Originally Ben had this idea of really cutting on the lines and having many more cuts. It was too much. You didn’t even need the lines on camera. You could hear them. Then you get a reaction like Maher. He’s got lines that are off camera. Then the camera arrives on him for just his realization that Sonny’s idea was the best idea. You only land on his nodding up and down, and it’s just enough. 


There were key things we wanted to get on in there. For example, when Ben realizes Sonny’s idea about him coming in late is a good idea, and he starts talking about himself in the third person. He only did that in one take. How do we get it in and feel smooth?

But then you find those moments where the end of one cut pushes the head of the next cut. Michael Mann talked to me about something Artie Schmidt said to him, where he wants the energy of the A side of the cut to push the energy of the B side of the cut. I always think about that when I’m editing. You try to get that feeling of propulsion, like one is pushing the other to create energy. 

Dana Glauberman had a great quote that I loved: “It shouldn't be a period at the end of the scene, it should be a comma.”

Everything's narrative drive or emotional narrative.

Talk about the scene at Tony Roma’s where Sonny’s talking to George Raveling. I know you had to deal with the 180 rule, as they had cameras on both sides, and you need to find the moments to be able to jump the 180 in that scene. Talk to me about building that and making it all seamless.

It’s interesting because they shot “French overs” – when you’re behind the characters – and they shot traditional overs on the front side. The other camera – which was more roving around, a little more handheld, a little more verité – that was Ben [Affleck] operating the camera. 

Originally, the first cut was much more rigorous in terms of when I crossed the line. Then I started adding in Ben’s footage, and there were really nice pieces where the cameras were racking back and forth between the two characters. 

Then we just threw it all out the window. I just ignored the line because they were sitting there. You don’t get thrown. I tried to do it on motion so it wouldn’t be like being slammed in the head. Their dialogue is so rapid, and they’re so conversational. When I started crossing the line, and just using whatever shot I wanted – based on what each shot was doing for me emotionally or story-wise – it didn’t seem to matter. 


It was actually a real lesson because I was so determined to be really rigorous and strict. Then it became clear that it was much more natural feeling when we mixed it all up. 

They did some cool improvising too. When he talks about “Some of the board members must be members of the clan,” that was not in the script. There was more dialogue that we trimmed down from that scene because there were redundancies. 

We wanted to get that feeling of camaraderie – finishing each other’s sentences and reading each other’s minds. Also, the idea of day drinking. They’re just slamming beers down. That was the subtext of everything. We worked on that scene quite hard too. At the beginning, we were a little nervous about it, but then it became a lot of people’s favorite scene. 

The story about George is true. His character was added in the movie specifically because of what Michael [Jordan] told Ben. 

Ben went down and hung out with Michael six weeks before shooting. Michael didn’t read the script – it was just to make sure he was okay with the idea of making the movie. Because Ben said, “Look if you’re not cool with this, I won’t make the movie.”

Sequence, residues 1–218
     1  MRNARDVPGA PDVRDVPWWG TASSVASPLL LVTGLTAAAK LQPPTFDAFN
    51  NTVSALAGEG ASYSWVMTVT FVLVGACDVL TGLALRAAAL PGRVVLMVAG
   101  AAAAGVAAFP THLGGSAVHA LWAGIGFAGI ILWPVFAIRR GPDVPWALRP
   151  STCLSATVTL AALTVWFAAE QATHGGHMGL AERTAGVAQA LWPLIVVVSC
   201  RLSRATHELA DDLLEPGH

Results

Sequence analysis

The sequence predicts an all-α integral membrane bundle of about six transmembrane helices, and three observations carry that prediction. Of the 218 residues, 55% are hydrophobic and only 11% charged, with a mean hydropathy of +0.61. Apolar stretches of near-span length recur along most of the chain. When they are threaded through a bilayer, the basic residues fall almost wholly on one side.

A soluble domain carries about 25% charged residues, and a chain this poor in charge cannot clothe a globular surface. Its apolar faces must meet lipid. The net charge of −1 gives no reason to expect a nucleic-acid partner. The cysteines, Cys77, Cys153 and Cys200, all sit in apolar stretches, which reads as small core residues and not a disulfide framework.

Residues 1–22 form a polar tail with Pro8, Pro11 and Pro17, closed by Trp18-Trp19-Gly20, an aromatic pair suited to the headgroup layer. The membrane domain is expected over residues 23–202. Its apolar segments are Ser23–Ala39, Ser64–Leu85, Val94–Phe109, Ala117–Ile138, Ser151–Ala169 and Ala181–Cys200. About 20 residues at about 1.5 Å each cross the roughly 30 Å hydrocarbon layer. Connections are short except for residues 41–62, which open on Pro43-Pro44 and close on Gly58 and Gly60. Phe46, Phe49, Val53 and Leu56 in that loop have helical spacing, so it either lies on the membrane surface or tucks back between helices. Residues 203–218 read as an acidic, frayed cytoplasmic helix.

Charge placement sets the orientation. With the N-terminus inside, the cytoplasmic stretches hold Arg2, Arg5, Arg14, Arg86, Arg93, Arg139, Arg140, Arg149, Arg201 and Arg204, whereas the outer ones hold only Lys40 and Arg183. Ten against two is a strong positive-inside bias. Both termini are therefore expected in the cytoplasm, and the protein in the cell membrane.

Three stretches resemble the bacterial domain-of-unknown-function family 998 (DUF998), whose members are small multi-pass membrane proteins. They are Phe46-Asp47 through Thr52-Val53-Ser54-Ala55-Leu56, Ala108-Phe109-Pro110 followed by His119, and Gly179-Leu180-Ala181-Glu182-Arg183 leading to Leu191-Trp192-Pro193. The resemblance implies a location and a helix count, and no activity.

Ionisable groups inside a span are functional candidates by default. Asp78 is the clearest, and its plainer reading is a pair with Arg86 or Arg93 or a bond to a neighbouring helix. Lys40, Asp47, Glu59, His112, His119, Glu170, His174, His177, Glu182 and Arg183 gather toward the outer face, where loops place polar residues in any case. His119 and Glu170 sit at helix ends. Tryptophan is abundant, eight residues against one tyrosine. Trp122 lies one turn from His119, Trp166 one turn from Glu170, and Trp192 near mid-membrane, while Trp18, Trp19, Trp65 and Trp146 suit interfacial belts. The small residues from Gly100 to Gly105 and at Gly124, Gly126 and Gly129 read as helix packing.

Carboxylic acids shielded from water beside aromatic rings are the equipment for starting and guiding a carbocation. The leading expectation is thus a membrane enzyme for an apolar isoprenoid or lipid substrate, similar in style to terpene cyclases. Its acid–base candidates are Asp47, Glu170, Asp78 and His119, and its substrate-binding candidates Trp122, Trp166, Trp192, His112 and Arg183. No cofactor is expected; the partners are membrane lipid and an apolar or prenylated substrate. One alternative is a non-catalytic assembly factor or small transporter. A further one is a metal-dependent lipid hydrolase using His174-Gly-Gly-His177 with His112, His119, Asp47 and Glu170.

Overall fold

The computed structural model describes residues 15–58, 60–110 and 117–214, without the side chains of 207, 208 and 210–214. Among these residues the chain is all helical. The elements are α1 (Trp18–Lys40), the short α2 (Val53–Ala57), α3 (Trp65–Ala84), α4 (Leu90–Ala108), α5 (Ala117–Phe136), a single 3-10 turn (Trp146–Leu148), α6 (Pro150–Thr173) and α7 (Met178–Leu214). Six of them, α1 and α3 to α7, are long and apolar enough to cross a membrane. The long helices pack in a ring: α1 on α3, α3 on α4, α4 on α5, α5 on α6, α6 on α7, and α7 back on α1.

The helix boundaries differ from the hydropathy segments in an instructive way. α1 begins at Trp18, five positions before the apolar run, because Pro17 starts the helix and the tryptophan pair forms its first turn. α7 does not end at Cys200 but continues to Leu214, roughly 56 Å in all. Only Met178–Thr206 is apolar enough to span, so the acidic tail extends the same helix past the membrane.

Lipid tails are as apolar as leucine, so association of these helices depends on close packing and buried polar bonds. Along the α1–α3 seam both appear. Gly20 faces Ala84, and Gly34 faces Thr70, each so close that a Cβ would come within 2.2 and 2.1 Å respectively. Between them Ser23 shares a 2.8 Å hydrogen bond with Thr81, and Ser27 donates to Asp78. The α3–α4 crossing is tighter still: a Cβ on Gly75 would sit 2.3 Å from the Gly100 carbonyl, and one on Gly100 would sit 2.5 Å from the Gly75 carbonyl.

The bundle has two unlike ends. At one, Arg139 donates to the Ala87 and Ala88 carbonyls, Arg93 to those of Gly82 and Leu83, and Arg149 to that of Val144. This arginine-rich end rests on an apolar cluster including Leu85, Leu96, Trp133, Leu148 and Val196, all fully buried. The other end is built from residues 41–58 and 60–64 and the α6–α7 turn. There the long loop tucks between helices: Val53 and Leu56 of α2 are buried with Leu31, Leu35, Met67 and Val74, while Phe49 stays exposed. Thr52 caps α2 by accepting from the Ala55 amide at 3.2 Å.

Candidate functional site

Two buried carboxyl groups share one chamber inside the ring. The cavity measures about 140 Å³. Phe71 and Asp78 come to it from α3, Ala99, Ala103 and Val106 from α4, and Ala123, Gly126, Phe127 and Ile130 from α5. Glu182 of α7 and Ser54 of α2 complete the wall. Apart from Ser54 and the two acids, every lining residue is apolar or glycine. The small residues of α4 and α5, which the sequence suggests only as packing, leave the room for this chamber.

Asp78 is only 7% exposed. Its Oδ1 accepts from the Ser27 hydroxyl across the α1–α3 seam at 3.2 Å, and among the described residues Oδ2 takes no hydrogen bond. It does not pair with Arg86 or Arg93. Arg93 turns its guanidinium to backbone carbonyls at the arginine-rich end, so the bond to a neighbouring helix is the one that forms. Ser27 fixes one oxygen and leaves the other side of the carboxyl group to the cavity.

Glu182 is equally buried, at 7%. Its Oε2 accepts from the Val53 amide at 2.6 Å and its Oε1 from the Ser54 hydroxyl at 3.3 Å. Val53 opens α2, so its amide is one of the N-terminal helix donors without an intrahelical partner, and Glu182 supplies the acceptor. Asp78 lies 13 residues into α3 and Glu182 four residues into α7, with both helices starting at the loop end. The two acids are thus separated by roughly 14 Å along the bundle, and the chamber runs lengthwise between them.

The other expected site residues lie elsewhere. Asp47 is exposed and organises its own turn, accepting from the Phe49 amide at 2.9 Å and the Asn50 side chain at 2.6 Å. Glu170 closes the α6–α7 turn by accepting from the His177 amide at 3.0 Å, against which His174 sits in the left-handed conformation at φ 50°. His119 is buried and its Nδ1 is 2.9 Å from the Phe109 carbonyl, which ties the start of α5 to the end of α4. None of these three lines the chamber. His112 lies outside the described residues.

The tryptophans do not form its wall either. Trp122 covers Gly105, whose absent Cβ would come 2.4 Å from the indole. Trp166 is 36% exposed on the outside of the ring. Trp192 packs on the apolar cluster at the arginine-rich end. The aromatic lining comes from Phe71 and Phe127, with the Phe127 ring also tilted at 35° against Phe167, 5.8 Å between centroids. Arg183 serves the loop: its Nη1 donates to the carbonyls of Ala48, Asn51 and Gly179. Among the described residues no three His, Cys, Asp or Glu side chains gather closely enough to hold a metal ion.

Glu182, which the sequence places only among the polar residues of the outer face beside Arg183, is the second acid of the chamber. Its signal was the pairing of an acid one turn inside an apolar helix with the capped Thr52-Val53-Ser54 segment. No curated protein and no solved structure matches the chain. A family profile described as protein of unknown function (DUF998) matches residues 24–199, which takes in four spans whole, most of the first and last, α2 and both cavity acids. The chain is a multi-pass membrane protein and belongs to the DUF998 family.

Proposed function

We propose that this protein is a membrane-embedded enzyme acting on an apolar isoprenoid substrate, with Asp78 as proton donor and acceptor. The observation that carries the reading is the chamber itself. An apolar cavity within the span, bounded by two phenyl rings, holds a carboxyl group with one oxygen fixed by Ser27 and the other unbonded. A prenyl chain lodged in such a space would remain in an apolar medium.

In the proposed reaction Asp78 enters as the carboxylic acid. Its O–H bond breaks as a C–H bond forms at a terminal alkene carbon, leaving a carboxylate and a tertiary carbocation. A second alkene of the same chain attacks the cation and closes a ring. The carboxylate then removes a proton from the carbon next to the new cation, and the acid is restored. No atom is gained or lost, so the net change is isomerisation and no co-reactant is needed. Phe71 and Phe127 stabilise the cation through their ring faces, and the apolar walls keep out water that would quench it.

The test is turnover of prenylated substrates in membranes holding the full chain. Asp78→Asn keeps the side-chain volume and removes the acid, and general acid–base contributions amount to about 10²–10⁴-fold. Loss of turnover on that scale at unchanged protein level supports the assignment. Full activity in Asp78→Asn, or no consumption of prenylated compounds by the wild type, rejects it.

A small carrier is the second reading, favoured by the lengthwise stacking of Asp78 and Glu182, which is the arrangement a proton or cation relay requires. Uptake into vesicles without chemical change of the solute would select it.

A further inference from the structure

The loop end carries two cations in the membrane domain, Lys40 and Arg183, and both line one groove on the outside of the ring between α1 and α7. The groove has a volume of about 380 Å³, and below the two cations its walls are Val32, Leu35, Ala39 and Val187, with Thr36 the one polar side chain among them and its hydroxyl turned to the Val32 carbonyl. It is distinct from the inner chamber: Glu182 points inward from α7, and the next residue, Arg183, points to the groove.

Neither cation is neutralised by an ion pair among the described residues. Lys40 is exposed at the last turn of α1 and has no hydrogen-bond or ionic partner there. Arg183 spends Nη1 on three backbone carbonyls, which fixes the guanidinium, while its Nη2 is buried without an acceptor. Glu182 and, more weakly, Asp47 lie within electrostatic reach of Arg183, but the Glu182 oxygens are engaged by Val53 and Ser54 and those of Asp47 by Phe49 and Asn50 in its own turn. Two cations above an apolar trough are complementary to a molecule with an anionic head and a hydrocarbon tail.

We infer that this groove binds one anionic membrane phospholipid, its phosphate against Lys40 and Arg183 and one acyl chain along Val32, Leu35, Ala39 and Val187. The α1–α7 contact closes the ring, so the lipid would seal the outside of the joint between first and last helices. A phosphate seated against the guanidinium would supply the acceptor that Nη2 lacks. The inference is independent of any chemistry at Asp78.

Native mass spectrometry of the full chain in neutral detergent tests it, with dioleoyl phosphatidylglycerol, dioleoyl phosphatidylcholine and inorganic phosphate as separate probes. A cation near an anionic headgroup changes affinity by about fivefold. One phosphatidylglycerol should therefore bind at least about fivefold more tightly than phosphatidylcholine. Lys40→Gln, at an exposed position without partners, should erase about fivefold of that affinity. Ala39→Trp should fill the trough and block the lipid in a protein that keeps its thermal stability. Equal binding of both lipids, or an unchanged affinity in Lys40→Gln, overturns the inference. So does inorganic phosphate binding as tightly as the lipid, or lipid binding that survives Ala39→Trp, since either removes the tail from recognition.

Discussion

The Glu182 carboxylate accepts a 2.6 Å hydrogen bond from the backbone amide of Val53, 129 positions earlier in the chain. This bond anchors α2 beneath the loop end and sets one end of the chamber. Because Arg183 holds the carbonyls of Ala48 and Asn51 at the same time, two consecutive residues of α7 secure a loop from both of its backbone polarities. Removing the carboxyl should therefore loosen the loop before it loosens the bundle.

Michael was cool with it and told Ben a lot of stories about various things, including stories about his mom and his family. He told them that George Raveling was one of the most important people when he came to his decision about going to Nike, because he really respected him, and he was an assistant coach at the Olympics. 

So they put that scene into the movie and it just so happened that he had this incredible story about Martin Luther King. To be clear, I am in no way comparing Sonny’s pitch to King’s I Have A Dream Speech. But the point was using your instincts to feel what’s happening at the moment and adjust.


The other theme that I liked was the gambling theme. The movie really starts out with him gambling. You get the sense that it's a huge gamble. 

We have really tried to tell the story of the personal consequences of failing. When Jason Bateman says, “If this doesn’t work out – no more checks, no more jobs,” we really tried to personalize the stakes.

It’s about the people in the division that are going to lose their jobs. There’s a really personal toll. We tried to emphasize that through Jason’s story, with him getting a feel for all the people at work at Nike in that bullpen and including them as part of the story. So, when Sonny thinks it goes south and he looks at the bullpen, you understand that he failed everybody. These people are going to have no job and they’re probably all working paycheck-to-paycheck as it is. It was important to us that the story have real stakes and real consequences.  

We all think of agents as coked-up, high-energy guys. Was the editing as fast as I remember or is it all just the actor's energy?

It's Chris [Messina]. He’s such a great guy. I’ve come to know him over the years because he was in Live by Night, and he was in Argo, and his wife Jen [Jennifer Todd] used to run Ben’s company. 

Ben just really let him go. He did all kinds of improv – a lot of the stuff in there about “Eating your nuts,” and all that was improvised. It’s a little up-cut in terms of using a lot of different angles, where instead you’d maybe hang on one shot. But not crazy. It’s Chris and his interplay with Matt [Damon].